Valorie Milosevich has for weeks called Gilbert’s code compliance department and emailed the mayor and Town Council members, asking for help.
She claims a broken-down motor home parked in a neighbor’s yard has homelesslooking people living in it. And that is making it hard for her to sell her house and leave the neighborhood, she said.
"A lot of the neighbors think it’s pretty disgusting," she said. "I can’t resolve this problem at all."
Town officials regularly receive such calls for help from residents having trouble with neighbors. In fact, town officials said, neighborhood disputes are the No. 1 reason residents contact the town.
"People are pretty proud of their homes," Mayor Steve Berman said. ". . . Most of their personal wealth is tied up in their home. When they think some slob neighbor is making their investment worth less, it doesn’t make for a happy relationship."
Many disputes, such as illegally parked vehicles or overgrown weeds, are handled by homeowners associations, commonplace in Gilbert. But as many as 20 percent of the town’s neighborhoods aren’t governed by HOAs.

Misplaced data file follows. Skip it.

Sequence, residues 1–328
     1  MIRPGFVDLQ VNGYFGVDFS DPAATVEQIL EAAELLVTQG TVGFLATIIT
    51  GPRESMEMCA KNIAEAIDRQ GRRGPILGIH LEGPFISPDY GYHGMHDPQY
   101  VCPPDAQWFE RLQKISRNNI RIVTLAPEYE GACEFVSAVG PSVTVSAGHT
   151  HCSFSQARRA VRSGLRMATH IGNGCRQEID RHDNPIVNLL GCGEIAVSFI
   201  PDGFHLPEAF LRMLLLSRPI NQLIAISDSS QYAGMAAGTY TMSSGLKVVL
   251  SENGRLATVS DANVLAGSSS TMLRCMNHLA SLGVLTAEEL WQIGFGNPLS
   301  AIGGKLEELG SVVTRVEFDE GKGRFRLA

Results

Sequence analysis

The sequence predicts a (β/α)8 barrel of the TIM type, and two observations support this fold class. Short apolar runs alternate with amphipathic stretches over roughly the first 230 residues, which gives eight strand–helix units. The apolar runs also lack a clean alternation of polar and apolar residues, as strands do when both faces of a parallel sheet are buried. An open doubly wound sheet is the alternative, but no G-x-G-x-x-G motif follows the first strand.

And so residents call on town officials to step in.
That was the case a few months ago when a resident called to complain about a neighbor whose front yard was one huge garden. The town subsequently determined the gardener wasn’t violating any codes.
Town officials said complaints about such things as a barking dog, a tree overhanging a neighboring pool or a badly parked car have turned violent.
"We encourage people to get to know their neighbors ahead of time, before trouble strikes," senior code officer Stephen Wallace said. "You don’t have to be best friends. But clearly it’s important if you’re nice to one another. It seems like people are not able to work out their differences, and we have so many newcomers right now."
Cynthia Dunham, founder of The Leadership Centre which offers classes and mediation programs between neighbors, said neighbors often can prevent and alleviate disputes by introducing themselves, and offering cookies or a gift. Often though, it takes a complaint and the courts to force the parties in to mediation — a point at which an entire neighborhood may be involved and taking sides.
"I’d say 95 percent of our neighborhood issues could be resolved if we just knew our neighbors," she said. "And they are probably going to be more likely to listen to you. You can look out for each other.
"No man is an island. We live in communities."
As for Milosevich’s problem, Wallace said code compliance officers couldn’t find any evidence of someone living in her neighbor’s trailer, and as a result, there is nothing the town could do.
Milosevich hasn’t given up. She’s contacted the governor’s office and is considering legal action.
A man who claimed ownership of the home declined to comment on the accusations, but said his son was supposed to repair and move the vehicle long ago.
For help resolving a neighborhood dispute, call the Leadership Centre at (480) 732-7296 or www.theleadershipcentre.org.